Commencement, January, 2009’ Completion: June, 2010.
Blogging as critical praxis: becoming a critical teacher educator in the age of participatory culture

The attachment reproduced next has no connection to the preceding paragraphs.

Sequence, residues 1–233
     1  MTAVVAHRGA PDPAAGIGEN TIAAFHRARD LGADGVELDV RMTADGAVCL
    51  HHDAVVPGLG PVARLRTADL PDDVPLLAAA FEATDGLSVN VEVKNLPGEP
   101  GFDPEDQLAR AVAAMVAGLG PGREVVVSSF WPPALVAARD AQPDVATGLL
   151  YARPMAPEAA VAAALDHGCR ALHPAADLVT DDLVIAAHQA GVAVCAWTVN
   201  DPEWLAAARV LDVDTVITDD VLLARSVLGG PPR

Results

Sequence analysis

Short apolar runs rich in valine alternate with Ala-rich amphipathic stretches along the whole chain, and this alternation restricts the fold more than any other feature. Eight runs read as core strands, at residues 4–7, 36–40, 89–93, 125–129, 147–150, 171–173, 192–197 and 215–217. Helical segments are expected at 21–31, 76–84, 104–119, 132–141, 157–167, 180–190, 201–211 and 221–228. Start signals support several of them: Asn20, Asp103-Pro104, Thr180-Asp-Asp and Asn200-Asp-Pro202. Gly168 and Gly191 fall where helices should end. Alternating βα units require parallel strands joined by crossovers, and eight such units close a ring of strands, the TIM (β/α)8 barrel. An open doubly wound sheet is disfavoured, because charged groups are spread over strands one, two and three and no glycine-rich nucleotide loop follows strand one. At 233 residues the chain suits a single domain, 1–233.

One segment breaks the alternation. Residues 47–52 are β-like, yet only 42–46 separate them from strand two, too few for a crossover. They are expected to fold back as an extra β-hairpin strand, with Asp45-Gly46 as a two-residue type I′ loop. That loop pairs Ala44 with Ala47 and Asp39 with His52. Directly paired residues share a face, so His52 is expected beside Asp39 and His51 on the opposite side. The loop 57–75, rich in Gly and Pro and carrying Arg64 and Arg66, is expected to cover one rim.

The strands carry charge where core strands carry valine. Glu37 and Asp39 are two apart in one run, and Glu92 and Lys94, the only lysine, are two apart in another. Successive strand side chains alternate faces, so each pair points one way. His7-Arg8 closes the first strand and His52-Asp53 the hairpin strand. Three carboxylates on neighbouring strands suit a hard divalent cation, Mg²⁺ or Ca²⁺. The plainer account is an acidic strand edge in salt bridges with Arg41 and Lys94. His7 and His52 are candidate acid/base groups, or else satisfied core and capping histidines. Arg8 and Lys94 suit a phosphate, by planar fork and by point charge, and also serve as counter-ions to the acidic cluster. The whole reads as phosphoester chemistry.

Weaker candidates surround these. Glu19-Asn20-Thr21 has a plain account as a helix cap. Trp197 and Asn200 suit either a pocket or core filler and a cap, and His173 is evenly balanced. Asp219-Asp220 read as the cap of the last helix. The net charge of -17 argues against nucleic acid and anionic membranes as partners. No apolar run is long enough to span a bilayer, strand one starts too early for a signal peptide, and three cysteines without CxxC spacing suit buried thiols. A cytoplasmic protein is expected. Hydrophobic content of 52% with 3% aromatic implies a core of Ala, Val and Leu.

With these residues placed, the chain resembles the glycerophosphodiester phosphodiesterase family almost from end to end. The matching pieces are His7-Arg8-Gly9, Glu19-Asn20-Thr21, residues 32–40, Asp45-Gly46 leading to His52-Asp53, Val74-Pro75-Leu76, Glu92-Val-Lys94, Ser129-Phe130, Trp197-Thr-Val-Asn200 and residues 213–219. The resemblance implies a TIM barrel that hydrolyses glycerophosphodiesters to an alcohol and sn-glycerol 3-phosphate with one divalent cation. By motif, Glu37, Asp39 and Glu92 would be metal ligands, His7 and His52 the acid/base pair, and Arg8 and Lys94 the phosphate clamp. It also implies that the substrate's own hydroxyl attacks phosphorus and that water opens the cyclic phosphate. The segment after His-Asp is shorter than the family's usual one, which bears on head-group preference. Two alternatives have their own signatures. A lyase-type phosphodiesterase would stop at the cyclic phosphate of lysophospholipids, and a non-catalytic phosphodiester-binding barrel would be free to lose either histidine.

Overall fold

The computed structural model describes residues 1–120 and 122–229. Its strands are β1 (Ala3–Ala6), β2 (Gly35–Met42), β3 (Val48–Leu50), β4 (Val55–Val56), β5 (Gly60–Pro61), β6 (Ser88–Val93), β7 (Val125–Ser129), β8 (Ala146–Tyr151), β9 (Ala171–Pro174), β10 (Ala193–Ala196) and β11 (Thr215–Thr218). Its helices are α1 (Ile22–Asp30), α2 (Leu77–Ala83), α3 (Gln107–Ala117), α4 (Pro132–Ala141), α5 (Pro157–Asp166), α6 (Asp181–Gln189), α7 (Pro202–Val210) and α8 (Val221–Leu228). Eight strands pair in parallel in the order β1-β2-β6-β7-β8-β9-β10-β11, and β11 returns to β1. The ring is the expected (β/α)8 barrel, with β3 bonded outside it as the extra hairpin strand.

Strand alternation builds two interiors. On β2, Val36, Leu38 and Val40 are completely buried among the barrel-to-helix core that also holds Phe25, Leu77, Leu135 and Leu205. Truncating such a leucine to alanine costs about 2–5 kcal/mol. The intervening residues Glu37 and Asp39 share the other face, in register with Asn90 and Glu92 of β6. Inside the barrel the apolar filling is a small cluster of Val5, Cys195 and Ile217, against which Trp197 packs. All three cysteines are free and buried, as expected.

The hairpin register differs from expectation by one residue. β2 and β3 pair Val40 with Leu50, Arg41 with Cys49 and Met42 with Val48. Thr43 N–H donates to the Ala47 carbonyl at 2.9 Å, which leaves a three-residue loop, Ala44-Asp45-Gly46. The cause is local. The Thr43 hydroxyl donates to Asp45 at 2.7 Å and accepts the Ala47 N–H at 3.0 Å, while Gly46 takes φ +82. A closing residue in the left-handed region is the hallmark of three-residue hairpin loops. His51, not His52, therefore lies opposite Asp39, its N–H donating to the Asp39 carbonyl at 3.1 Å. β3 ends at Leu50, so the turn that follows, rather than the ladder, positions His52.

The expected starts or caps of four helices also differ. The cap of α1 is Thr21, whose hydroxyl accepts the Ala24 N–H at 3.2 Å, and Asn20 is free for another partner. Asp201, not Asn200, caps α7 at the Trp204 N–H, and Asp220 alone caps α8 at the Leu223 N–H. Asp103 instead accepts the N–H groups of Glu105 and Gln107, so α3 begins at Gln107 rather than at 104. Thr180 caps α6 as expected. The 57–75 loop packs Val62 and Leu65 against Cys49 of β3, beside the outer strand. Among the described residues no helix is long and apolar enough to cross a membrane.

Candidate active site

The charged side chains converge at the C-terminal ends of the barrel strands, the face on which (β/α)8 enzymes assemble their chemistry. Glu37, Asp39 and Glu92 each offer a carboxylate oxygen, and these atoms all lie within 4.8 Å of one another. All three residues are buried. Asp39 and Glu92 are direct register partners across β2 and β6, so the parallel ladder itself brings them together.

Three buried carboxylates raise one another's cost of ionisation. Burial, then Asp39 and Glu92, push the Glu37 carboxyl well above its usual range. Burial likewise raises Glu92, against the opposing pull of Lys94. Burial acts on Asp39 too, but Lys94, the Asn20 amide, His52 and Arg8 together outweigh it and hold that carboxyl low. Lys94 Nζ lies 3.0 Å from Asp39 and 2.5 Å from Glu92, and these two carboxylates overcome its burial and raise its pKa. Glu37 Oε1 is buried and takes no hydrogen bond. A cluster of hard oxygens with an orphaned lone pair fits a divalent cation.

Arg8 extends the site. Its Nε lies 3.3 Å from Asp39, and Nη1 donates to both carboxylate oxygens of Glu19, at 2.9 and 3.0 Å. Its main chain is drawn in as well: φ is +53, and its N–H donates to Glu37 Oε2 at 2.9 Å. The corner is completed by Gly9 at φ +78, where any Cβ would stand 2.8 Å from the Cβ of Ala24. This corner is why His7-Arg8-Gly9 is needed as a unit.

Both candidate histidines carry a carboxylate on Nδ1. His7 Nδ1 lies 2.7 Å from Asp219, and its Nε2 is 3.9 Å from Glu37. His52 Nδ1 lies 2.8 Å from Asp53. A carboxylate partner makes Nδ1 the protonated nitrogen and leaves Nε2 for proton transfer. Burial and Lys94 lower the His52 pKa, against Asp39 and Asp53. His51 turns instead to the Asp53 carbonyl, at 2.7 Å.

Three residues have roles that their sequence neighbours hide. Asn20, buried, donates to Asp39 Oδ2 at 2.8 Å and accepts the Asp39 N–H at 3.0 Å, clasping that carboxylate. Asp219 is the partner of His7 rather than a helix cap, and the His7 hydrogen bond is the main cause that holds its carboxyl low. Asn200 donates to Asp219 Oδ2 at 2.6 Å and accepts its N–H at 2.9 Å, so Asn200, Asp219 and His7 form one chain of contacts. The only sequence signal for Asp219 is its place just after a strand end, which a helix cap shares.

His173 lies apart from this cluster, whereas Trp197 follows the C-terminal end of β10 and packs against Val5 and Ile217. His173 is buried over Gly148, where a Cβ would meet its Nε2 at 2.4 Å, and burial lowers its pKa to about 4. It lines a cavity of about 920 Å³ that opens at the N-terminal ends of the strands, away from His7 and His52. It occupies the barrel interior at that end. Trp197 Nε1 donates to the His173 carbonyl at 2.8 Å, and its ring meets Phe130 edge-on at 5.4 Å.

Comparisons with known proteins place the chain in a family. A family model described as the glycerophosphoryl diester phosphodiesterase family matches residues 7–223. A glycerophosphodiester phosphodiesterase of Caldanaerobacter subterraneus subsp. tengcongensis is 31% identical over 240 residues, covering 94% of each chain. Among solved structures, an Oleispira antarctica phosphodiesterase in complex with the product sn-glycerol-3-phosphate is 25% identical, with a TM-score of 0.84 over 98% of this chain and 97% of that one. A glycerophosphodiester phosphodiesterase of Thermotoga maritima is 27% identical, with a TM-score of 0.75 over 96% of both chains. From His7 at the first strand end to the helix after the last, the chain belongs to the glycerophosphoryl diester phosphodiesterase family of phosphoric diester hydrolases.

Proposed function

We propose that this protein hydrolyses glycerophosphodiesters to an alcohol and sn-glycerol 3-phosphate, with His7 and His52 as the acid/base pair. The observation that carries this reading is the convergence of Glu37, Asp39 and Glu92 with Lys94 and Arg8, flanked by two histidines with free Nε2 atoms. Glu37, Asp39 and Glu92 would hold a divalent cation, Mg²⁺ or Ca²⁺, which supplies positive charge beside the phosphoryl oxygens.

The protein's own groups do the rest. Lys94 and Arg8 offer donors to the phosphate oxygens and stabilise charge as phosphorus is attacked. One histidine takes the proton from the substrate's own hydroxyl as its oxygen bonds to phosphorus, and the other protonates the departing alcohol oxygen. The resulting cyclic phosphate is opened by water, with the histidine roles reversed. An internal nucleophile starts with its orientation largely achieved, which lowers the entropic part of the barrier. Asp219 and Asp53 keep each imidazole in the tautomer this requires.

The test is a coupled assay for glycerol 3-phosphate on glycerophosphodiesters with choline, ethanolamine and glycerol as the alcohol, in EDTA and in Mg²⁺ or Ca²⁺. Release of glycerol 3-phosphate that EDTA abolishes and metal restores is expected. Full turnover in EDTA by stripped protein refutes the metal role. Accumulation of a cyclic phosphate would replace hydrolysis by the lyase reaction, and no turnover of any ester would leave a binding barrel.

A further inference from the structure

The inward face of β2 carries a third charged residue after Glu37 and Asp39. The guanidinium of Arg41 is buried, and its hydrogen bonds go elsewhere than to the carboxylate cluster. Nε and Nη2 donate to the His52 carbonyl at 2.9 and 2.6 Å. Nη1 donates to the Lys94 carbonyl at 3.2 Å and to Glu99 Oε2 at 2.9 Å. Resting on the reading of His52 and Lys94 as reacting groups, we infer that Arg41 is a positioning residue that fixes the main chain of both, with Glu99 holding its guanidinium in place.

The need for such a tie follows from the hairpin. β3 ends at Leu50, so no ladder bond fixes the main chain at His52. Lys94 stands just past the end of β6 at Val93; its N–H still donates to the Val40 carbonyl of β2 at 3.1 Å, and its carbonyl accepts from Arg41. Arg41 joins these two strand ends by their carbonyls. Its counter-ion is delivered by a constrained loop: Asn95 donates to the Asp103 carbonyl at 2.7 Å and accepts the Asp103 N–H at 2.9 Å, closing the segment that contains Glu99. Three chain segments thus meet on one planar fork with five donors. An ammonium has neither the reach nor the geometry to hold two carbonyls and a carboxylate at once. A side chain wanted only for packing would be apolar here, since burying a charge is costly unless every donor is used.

This self-study of becoming a critical teacher educator extends the research on blogs as a vehicle of critical self-reflection in teaching and teacher education. While the primary focus of this thesis is a self-study of the process of becoming a teacher educator, the author presents findings based on discursive data collected from blogs produced by teacher candidates in two case studies, which inform this process of becoming. The case studies are represented as two “strands”: one carried out in Montréal, Quebec, Canada, at McGill University, and the other carried out near Durban, KwaZulu-Natal, South Africa, at the University of KwaZulu-Natal. Like prior studies involving the use of blogs in teacher preparation, this study examines pre-service teachers’ critical engagement with topics and issues endemic to their current field experiences and future careers in K-12 classrooms. The instructional techniques deployed in the case studies adhered to principles of modeling technology integration in order to transform teaching and learning activities by facilitating a learning environment for pre-service teacher candidates informed by the tenets of critical pedagogy. In this vein, this study examines the implementation of a particular instructional strategy, problem-posing pedagogy, as a practice that integrates the use of blogs to aid the achievement of pre-service teacher candidates’ “critical self-engagement” as well as contribute to the author’s development as a critical teacher educator.